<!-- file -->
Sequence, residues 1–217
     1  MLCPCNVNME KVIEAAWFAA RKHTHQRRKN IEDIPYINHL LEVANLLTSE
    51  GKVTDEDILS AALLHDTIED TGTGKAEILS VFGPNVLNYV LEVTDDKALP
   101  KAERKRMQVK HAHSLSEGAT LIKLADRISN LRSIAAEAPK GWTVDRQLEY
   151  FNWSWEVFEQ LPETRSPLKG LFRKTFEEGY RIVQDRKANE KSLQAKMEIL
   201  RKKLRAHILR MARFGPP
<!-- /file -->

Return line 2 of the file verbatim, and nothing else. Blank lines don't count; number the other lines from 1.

     1  MLCPCNVNME KVIEAAWFAA RKHTHQRRKN IEDIPYINHL LEVANLLTSE